By Israel Drazin


All religions have antiquated practices that are vestiges of meaningful ancient practices, but are not useful today because of changes in modern behavior. The brief Jewish ceremony of Zimmum is an example.


Orthodox Jews consider meals reminders of the service on the ancient temple altar. Thus eating is a more elevated experience than simply supplying the body with food. Meals, for example, begin with washing hands, just as the ancient priests washed before offering sacrifices. Bread is sprinkled with salt, as were the sacrifices. While nothing is physically set aside for God during the meal, Orthodox Jews replace the sacrifices with discussions on the Torah.


The meal begins with a leader saying a blessing over the bread, thanking God for the food. The participants respond by saying “amen” when they hear the prayer, which the rabbis teach is as if they too said it. The meal ends when at least three men are present[1] with the Zimmum ceremony. The leader tells the people at the meal’s end that they are ready to say the after-meal blessings, called benching, “blessings,” and they reply that they are ready to do so. As done today, the Zimmum is a vestige of what it once was. The leader does not recite the entire benching, which is comprised of about a half dozen blessings some of which are quite long and take up several pages in the prayer book. Each participant usually recites the blessings silently, the leader says the final words of each blessing loud, and the participants respond “amen.” Why do the participants need to respond “amen”? Since they are saying the blessings themselves, there is no need for them to hear someone else say them and participate vicariously. Besides, they do not hear the entire blessing; they are replying “amen” to a few words.


The famous Polish rabbi Yisrael Meir Kagan (1838-1933) explained in his Mishnah Berurah (183:27) that in ancient times there were no prayer books and most people did not know the benching by heart. A man who knew the prayers would call to those who were eating together (zimmum means “invite”) and tell them that he is ready to recite the blessings and they can fulfill their requirement to say the blessings by responding “amen.” Today, when every participant can read the blessings, Kagan explains, Orthodox Jews perform a shortened truncated version of the ancient Zimmum practice to remember how the benching was said in the past: the leader does not read every word of each blessing, just the last few words, and the participants say “amen,” even though it makes no sense to do so.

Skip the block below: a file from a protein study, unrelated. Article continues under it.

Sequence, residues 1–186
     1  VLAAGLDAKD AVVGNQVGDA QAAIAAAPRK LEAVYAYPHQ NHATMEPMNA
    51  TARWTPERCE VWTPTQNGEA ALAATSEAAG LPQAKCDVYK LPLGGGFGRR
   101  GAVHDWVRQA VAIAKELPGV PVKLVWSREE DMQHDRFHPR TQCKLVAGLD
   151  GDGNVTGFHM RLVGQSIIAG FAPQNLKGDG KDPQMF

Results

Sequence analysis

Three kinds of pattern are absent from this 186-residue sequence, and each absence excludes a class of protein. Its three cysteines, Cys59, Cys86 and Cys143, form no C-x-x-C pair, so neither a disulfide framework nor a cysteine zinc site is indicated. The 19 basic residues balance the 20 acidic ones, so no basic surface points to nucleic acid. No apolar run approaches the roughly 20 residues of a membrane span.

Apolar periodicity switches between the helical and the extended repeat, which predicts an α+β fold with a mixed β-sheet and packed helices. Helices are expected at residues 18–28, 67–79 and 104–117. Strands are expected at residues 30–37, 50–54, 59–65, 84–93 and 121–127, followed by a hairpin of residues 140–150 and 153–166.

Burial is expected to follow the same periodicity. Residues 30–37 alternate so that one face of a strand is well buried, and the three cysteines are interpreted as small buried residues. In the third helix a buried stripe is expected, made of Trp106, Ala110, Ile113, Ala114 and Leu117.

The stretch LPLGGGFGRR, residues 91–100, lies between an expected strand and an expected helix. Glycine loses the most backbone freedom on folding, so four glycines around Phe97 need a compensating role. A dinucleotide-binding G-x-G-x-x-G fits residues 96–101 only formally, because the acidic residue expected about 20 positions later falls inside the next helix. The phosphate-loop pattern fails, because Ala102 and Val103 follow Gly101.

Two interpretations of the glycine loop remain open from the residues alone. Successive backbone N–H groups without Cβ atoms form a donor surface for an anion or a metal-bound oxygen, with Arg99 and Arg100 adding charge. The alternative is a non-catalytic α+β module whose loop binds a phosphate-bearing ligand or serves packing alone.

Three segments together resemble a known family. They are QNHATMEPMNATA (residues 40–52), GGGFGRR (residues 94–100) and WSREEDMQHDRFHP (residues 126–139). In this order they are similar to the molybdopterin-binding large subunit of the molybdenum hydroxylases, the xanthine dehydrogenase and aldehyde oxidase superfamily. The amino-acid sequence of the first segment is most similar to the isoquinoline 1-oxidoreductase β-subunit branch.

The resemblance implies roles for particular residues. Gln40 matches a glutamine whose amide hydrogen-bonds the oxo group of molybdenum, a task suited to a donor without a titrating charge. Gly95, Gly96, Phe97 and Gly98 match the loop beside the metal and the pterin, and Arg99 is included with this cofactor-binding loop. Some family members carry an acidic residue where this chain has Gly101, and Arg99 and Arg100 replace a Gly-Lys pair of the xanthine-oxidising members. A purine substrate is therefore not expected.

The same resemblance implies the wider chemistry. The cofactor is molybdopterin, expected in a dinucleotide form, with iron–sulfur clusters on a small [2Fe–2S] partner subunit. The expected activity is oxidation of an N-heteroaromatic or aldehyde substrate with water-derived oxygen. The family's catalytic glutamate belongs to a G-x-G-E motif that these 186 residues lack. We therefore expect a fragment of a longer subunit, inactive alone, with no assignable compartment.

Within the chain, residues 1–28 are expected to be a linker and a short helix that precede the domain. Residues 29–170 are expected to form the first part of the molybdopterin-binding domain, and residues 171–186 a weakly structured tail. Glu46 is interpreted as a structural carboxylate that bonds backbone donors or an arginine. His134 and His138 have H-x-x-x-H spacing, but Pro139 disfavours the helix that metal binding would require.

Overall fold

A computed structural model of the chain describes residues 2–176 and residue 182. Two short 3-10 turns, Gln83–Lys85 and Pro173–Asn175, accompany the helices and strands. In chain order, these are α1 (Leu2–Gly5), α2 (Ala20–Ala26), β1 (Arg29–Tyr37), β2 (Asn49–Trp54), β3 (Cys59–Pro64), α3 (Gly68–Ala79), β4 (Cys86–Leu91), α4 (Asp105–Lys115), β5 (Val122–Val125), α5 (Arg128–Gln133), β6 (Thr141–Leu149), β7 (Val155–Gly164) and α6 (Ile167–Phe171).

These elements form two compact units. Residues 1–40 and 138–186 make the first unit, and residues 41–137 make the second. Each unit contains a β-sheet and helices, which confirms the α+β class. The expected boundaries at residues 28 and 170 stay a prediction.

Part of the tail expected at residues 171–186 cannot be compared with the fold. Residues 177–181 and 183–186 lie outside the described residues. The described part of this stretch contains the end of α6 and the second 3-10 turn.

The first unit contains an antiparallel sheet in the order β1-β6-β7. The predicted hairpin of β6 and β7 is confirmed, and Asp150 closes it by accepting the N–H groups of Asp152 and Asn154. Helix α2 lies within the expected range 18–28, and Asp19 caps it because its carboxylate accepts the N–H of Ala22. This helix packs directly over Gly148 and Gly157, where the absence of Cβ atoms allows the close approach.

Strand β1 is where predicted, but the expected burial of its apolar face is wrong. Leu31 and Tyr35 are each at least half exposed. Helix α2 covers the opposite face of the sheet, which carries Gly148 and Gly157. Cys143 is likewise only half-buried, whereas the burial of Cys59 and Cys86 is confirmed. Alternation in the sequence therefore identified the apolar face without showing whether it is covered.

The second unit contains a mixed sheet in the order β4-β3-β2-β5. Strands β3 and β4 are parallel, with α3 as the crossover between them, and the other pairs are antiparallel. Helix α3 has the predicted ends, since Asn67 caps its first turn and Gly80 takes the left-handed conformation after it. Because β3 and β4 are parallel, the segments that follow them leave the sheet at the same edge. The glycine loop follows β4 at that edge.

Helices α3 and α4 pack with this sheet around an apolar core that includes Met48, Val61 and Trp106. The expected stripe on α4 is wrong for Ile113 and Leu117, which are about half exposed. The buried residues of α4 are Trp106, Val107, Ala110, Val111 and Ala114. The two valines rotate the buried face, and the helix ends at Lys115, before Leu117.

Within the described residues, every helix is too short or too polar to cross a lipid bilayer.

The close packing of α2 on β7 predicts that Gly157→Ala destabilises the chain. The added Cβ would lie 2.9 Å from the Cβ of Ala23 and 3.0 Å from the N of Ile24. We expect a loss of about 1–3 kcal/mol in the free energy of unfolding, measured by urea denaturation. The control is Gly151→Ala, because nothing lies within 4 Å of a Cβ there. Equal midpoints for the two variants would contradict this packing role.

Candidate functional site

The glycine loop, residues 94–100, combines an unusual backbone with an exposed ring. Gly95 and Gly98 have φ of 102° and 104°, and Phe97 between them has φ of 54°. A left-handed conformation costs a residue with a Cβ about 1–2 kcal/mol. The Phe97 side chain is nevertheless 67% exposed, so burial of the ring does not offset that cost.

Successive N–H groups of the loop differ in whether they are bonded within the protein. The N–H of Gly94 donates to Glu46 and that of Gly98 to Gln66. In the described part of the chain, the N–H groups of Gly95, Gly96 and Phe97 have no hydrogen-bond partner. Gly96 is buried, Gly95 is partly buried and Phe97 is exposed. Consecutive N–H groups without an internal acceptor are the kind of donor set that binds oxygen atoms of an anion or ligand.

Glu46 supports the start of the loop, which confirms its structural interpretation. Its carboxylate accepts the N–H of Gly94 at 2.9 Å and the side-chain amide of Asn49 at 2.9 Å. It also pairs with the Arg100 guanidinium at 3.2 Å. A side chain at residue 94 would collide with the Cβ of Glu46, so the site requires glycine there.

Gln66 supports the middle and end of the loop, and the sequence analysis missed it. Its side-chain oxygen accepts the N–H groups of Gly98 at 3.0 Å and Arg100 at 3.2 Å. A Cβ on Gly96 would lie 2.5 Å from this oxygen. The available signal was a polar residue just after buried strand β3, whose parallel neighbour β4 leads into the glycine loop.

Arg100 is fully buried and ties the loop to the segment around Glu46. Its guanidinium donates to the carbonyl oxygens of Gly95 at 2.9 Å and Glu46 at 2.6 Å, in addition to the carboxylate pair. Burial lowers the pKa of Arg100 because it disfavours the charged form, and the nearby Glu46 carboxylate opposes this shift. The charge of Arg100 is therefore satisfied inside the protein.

Rabbi Joseph B. Soloveitchik (1903-1993) agrees with Rabbi Kagan in his book Festival of Freedom. However he bewails the fact that the benching is not said communally. He notes that humans, animals, and vegetation eat, but: “Man must not respond to hunger in the same manner as the beast or the brute in the field.” Humans must transform “primitive automatism into dignified activism” (1) be selective in what they eat, (2) realize that “eating serves a higher purpose,” making it possible to recognize God’s gifts and giving people strength to do the divine will, (3) eat with others and realize that people must share with others and show them respect, and (4) use the meal as an opportunity to learn. He considered the ancient communal Zimmum an “ideal practice” because it helped fulfill the third goal of a more elevated meal. He suggested that meal participants recite the entire benching or at least the first blessing together.

[1] Many Orthodox Jewish women today lead the Zimmum when three men are not present when three women are at the table.